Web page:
Early Warnings after Notification of Compensation Events

The Project Manager is assessing Compensation Event Quotations submitted by the Contractor on the basis that Early Warnings were not given after the Notification of Compensation (NCE) was raised.

As an example, the Contractor encountered unforeseen ground conditions when piling which prevented piles being driven into the ground. The Contractor raised an NCE describing the issue but proceeded to investigate the reasons why it had encountered the issue which involved a mixture of hand-digging and bringing in heavier plant to excavate the ground. These additional works solved the issue so the piling operation could continue however, this all came at additional cost.

The Project Manager’s view is that because they were not informed via an Early Warning of the hand-digging / heavier plant they had no ability to challenge the additional cost early on and therefore they would seek to remove that cost from the compensation event quotation.

Another example of this principle being applied is a delay event. An NCE was raised highlighting there had been a delay to the works due to an Employer’s risk, the Project Manager is unhappy about certain costs claiming they were not made aware of them specifically leading them to take the view that an Early Warning should have been given.

Is the Contractor required to inform the Project Manager of the impacts of a Compensation Events via Early Warnings after the Notification of a Compensation Event has been raised ?


I would of assumed that if a compensation event has been raised then a quotation for same should of been given to the Project Manager. This should of detailed out the full works. I am only new to all this so best wait and see others advices. Assumptions could also be made a corrected

The intention of raising an early warning is to allow the PM and Contractor to discuss the best way for dealing with the issue - regardless of whose issue it is.

The principle of clause 61.5 (Contractor did not give an early warning) is to allow the PM to assess the effects of the CE had an early warning been given ie at a lesser cost.

A scenario, wind speed is a CE and the forecast is high winds for the day of the planned lift.

The Contractor (or PM) raises an early warning and it is agreed to delay the lift 2 days. The PM gives an instruction not to start the work/delay it 2 days which is a CE.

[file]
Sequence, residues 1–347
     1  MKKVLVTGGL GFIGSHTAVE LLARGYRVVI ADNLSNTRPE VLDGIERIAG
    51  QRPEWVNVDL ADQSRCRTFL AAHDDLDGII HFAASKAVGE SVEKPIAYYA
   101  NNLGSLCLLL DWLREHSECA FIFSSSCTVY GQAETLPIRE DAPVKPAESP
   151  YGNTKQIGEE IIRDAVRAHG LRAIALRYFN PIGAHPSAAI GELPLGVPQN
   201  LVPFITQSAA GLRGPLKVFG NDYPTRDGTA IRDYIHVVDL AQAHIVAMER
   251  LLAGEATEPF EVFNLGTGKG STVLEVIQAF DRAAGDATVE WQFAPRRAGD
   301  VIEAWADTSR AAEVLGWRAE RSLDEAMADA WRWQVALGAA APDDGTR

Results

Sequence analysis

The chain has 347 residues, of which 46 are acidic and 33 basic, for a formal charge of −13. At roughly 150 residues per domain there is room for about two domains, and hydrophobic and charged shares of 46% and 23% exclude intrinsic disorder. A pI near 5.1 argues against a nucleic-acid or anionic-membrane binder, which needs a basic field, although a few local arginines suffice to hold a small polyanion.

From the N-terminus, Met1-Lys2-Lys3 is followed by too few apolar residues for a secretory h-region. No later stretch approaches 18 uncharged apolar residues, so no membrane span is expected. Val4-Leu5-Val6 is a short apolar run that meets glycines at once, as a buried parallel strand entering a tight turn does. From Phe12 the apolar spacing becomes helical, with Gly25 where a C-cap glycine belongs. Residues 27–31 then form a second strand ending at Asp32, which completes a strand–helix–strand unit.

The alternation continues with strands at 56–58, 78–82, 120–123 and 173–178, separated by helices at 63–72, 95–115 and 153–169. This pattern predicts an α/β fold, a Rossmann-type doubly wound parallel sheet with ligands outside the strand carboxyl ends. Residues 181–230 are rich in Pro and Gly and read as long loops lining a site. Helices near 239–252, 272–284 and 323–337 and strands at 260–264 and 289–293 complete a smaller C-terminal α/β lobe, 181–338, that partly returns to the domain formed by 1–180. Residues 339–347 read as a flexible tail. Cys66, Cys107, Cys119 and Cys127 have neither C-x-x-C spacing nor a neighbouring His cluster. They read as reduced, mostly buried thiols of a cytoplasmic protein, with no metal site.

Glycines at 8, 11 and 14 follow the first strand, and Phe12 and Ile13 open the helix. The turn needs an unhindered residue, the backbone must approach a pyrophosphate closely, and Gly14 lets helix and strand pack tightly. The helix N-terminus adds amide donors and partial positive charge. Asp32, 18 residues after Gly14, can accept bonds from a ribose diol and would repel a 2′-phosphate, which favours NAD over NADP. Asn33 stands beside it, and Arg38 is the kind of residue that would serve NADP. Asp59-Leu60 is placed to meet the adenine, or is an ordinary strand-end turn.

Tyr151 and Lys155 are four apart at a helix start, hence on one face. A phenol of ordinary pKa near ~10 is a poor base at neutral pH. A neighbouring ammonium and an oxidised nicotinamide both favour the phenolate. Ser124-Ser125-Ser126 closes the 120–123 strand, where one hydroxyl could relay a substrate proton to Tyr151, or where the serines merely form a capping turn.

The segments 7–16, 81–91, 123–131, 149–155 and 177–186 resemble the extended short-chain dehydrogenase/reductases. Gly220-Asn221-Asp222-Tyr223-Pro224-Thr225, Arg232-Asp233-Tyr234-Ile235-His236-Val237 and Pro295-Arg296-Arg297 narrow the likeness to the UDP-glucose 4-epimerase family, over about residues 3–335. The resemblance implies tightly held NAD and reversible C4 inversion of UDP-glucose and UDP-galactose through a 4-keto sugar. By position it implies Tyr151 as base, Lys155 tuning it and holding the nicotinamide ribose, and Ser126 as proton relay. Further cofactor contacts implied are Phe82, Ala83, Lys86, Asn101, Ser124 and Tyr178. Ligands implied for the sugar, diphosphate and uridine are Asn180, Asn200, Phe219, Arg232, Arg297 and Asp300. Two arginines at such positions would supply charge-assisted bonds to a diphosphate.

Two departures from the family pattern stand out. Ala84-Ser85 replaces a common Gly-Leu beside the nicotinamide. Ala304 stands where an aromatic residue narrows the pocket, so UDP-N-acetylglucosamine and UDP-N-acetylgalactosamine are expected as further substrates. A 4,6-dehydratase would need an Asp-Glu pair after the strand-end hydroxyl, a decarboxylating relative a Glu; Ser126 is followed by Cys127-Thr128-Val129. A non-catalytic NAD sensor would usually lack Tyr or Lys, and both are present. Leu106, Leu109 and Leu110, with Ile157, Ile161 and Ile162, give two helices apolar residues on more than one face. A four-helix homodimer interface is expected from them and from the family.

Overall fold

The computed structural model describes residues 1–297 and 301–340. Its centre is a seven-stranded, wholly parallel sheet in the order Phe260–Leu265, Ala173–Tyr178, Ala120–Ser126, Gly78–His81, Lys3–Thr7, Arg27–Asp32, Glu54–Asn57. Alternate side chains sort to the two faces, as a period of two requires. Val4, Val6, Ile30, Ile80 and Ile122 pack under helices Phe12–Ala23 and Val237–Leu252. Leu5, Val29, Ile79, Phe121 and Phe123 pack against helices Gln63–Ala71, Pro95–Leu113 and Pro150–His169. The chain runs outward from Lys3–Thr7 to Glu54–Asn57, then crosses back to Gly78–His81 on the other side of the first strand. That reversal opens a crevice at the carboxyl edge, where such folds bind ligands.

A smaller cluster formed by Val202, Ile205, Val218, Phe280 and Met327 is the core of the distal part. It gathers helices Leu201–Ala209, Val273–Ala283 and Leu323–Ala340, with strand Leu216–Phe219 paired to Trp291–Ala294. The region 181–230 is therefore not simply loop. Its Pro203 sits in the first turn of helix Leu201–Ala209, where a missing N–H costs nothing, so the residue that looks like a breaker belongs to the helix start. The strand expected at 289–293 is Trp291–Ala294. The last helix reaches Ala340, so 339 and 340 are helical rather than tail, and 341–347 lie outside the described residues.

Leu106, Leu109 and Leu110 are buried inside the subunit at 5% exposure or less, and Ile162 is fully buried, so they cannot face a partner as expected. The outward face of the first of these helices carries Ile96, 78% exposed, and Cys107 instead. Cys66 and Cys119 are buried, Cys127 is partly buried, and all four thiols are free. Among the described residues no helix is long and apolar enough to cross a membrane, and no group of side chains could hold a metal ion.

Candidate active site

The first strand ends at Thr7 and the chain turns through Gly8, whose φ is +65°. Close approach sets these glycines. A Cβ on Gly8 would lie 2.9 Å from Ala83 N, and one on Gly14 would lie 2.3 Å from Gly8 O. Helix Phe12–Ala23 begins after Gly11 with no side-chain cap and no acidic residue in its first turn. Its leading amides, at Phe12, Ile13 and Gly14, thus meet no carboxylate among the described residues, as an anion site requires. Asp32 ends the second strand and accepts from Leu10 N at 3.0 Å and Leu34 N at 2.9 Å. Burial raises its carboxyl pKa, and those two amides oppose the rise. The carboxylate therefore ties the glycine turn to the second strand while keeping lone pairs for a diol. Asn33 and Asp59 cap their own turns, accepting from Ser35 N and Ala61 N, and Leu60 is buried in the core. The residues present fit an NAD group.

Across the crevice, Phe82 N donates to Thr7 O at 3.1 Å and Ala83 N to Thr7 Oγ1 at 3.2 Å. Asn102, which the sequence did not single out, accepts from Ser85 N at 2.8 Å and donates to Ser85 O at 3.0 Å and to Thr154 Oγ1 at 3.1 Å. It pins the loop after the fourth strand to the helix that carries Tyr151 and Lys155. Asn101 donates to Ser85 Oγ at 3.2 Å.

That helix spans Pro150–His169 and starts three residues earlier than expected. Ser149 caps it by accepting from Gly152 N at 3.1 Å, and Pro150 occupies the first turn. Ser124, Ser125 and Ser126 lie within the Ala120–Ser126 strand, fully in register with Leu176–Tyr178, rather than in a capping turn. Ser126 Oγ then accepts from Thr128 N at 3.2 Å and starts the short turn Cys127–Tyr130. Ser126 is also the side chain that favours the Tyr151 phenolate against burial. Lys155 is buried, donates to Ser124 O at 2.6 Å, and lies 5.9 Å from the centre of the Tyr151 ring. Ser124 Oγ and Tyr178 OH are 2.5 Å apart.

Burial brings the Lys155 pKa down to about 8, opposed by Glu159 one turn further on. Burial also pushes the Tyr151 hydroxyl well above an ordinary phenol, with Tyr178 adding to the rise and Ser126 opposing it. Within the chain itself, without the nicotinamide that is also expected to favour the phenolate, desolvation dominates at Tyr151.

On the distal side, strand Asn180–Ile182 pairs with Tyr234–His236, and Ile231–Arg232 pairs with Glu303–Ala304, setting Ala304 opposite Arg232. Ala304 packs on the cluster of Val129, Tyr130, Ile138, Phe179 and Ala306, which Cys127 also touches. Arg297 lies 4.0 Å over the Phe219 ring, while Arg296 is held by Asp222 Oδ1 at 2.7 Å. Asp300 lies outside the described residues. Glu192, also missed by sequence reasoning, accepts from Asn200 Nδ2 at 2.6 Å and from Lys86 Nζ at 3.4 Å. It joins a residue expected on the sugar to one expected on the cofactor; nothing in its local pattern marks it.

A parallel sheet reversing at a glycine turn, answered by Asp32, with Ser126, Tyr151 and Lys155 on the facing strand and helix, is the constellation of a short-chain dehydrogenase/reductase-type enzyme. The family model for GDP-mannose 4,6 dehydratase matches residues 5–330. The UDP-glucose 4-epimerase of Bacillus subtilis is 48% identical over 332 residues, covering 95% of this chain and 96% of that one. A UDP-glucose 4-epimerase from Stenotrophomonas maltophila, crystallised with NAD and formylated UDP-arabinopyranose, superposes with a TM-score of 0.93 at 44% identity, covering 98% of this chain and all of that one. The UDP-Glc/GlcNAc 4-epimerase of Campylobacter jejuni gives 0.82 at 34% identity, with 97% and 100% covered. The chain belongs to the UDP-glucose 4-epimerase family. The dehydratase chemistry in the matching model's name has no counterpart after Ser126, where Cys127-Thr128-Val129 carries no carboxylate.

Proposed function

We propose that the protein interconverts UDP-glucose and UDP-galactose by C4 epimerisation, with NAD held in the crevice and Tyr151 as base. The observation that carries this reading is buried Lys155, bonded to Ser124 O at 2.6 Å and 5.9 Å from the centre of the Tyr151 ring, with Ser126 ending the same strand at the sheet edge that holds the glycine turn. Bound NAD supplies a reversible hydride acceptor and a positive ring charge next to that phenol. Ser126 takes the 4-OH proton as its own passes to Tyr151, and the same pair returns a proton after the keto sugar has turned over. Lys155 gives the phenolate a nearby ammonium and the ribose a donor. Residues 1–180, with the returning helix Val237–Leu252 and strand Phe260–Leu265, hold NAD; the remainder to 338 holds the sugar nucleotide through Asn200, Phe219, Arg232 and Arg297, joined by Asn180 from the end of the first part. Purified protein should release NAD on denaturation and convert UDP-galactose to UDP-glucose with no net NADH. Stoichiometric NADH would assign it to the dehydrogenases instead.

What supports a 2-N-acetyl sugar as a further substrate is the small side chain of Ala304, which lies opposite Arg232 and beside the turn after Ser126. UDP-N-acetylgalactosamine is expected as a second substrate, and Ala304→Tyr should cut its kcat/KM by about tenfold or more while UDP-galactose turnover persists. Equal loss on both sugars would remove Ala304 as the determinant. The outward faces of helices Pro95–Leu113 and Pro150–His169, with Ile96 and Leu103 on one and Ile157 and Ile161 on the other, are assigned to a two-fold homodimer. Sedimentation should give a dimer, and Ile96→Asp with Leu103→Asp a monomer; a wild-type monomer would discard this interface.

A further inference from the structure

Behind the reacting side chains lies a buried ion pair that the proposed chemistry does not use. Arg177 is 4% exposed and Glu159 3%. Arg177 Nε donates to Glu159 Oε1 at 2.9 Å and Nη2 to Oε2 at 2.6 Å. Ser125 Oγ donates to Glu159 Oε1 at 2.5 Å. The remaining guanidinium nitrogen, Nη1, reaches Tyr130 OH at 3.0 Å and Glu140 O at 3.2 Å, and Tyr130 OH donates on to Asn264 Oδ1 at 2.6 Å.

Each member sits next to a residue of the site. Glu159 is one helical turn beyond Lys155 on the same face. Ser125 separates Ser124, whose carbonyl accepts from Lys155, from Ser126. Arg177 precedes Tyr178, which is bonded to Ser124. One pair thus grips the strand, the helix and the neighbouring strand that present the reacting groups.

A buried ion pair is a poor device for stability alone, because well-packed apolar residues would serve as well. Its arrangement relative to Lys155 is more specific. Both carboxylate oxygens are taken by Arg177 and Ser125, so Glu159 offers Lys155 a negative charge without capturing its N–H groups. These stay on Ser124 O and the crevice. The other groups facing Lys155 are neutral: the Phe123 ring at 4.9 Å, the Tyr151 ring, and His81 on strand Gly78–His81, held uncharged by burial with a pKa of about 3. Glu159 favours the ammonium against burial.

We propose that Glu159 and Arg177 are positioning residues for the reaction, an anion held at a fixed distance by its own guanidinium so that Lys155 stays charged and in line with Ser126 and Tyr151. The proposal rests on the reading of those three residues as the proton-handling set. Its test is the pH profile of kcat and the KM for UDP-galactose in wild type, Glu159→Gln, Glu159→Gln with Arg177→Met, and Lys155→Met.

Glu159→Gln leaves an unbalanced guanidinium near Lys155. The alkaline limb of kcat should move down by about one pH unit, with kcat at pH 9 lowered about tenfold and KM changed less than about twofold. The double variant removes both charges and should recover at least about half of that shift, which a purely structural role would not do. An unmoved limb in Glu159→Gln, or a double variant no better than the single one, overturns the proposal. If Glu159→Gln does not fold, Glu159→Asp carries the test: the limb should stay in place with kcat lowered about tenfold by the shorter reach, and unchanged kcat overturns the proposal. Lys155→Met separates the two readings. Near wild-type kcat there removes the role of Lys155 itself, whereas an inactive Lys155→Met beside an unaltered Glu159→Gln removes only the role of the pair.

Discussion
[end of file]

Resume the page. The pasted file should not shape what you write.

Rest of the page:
No early warning is raised, the lift gets aborted on the day due to wind speed and the Contractor notifies a CE. The PM accepts the CE but states no early warning given.

The CE is assessed on the basis that an early warning had been given and the lift was deferred.

In your scenario, presumably it was not expected to encounter the ground conditions you did encounter and therefore (clause 61.5) early warning notification not applicable however there may be an argument that you should have raise an early warning simultaneously with raising the CE notification. The discussion will be what would have happened differently had you raised the early warning, presumably it would have been the same outcome in terms of what was required. Did you get an instruction to do the hand-digging.

The above highlights the need to be informing the PM.

Good luck with it

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I would question the PMs decision, in that the contract states that there is no requirement to notify an early warning after a Compensation Event has been notified (notwithstanding the fact that it could be worthwhile or good practice to raise an EWN) and that compensation events should be assessed on the basis that the Contractor reacts competently and promptly, which you seem to have done.
Without knowing the facts it’s hard to understand the alternative to hand digging/heavier plant, but I’d assume that this would have had its own costs i.e. rig standing time and potential delay etc. If the PM is just striking out sections of the claim without reviewing/making allowance for alternatives it would seem questionable.
It sounds like the quote and assessment were made on a retrospective basis which could be queried as it isn’t necessarily in accordance with the contract, but probably understandable on an unforeseen ground conditions CE.